We know that despite Sarah’s inability to not feel threatened by her rival Hagar, Ishmael indeed grows to be a great nation unto himself, one that we see today more our rival rather that our relative. She is preoccupied by the eventual exclusive success of Yitzhak and concludes that there is only room for one son here in this Land.
We are a people who have known exile more than we have known sovereignty. As Prof. Arnold Eisen explains, in his book Galut : modern Jewish Reflection on Homelessness and Homecoming, that “the loss and leaving home stamp all the narratives of Genesis – from Cain the perpetual wanderer, through Abraham’s departures for Canaan and beyond, to the final descent into Egypt.” Our entire narrative is about the relationship between Exile and Home. We were formed in exile, and even after the establishment of the State of Israel, we still maintained an exilic mentality.
In this short glimpse of historical role reversal, Sarah reminds us that we, the exiled, can in turn also become the ones who exile. Our Torah narrative strengthens this concept as later in the book of Deuteronomy we must annihilate the seven indigenous Canaanite nations before we can inherit the Land.
Today, we must ask the question about our place in the Land. Is our place and hold of our Land not threatened by the place and presence of the other? Did Hagar and Ishmael actually pose a threat to Sarah’s progeny? There are those who claim that any presence of non-Jews as citizens of Israel would threaten the Jewish majority of the State. There are then others who would say that our very Jewishness should be measured by how we treat the Hagars and Ishmaels in our midst, and if we don’t welcome the stranger we cannot, in fact, be Jewish.
Our tradition tells us that מעשה אבות סימן לבנים – What occurred to the ancestors, is a sign for the children.” As we reflect upon Sarah’s actions is this a case of “מעשה אמהות…” – that what our mothers did, we are also destined to do? If so, how do we escape our pre-destined fate and understand that with power can also come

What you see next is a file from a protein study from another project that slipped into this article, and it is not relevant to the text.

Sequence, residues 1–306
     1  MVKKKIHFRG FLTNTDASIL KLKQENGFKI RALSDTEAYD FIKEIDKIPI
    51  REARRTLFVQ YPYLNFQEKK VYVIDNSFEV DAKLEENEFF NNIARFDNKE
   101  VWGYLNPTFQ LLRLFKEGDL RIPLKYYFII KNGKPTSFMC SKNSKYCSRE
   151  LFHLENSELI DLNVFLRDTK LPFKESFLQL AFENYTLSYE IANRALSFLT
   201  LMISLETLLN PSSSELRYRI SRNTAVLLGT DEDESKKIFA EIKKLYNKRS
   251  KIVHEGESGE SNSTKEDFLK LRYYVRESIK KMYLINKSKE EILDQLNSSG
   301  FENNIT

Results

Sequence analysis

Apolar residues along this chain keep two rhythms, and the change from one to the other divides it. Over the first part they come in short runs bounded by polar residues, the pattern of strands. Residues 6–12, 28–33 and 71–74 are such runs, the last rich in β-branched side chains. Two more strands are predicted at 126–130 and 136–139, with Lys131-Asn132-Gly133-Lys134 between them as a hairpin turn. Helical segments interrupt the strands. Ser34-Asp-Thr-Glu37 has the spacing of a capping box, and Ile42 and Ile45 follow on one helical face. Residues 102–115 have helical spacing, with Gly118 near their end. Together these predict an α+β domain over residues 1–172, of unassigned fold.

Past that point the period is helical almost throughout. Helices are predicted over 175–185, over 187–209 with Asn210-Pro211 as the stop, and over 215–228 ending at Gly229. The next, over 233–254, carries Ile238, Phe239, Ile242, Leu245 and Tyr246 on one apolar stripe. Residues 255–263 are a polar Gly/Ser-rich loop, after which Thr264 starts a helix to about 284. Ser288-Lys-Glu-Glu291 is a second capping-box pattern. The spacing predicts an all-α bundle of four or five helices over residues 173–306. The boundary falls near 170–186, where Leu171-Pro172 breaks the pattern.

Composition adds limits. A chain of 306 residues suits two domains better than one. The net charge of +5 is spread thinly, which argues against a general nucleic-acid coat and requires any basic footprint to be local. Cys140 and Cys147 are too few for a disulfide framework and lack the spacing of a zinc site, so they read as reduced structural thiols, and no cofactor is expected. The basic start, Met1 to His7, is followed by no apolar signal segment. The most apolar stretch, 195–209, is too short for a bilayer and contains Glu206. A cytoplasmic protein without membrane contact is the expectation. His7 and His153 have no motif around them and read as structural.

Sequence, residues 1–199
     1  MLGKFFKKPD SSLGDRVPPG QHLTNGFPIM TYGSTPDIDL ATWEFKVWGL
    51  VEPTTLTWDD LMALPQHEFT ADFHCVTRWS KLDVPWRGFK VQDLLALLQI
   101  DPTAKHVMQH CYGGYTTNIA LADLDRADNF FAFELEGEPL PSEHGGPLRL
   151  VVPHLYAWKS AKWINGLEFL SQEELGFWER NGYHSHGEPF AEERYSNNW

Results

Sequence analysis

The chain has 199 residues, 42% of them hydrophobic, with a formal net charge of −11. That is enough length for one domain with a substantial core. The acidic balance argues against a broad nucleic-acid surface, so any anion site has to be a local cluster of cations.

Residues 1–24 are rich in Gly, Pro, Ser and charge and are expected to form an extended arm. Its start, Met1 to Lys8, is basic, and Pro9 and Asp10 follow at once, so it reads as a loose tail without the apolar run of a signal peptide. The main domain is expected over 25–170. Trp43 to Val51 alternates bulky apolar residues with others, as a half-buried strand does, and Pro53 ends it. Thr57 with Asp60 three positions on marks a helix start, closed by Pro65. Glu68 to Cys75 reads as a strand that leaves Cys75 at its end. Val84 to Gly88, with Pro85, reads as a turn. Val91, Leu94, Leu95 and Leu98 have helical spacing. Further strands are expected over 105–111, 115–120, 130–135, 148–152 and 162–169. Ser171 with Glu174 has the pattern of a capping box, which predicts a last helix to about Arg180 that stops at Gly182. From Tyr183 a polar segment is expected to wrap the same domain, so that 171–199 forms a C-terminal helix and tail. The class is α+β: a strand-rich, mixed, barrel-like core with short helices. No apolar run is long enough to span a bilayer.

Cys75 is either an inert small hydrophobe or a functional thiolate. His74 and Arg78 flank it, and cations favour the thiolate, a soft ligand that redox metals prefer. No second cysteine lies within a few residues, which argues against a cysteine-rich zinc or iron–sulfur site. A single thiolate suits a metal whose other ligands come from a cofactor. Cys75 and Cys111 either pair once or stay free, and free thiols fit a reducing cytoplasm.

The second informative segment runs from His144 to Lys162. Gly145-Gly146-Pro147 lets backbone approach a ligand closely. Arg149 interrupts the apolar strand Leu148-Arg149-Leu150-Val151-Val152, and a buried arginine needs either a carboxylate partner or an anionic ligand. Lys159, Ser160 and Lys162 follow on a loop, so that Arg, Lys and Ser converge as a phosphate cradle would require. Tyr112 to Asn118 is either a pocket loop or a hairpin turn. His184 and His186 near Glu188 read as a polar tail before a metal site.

Without spoiling the ending, we know that Isaac and Ishmael reconcile over the death of their father. It is unlikely that Ishmael forgot that he was banished but managed to find a way to reconcile.
There are in fact signs of making significant inroads. We probably couldn’t be further from any negotiation between Israel and the Palestinians, but it should be noted that the Netanyahu government has gone to great lengths to foster support for the Palestinian-Israeli (Arab citizens of Israel). What is commonly known as ‘Government Resolution 922’, and recently reported here, has resulted in more investment in the Israeli-Arab sector, specifically in infrastructure, than in any previous administration, which breaks a stereotype and goes against popular belief.
Parshat VaYeira gives us a glimpse of what it feels to speak up on behalf of the powerless and also to look back when we have created greater vulnerability and homelessness. May we find those spaces to welcome and make room for Hagar and Ishmael as we are firmly rooted in our own place.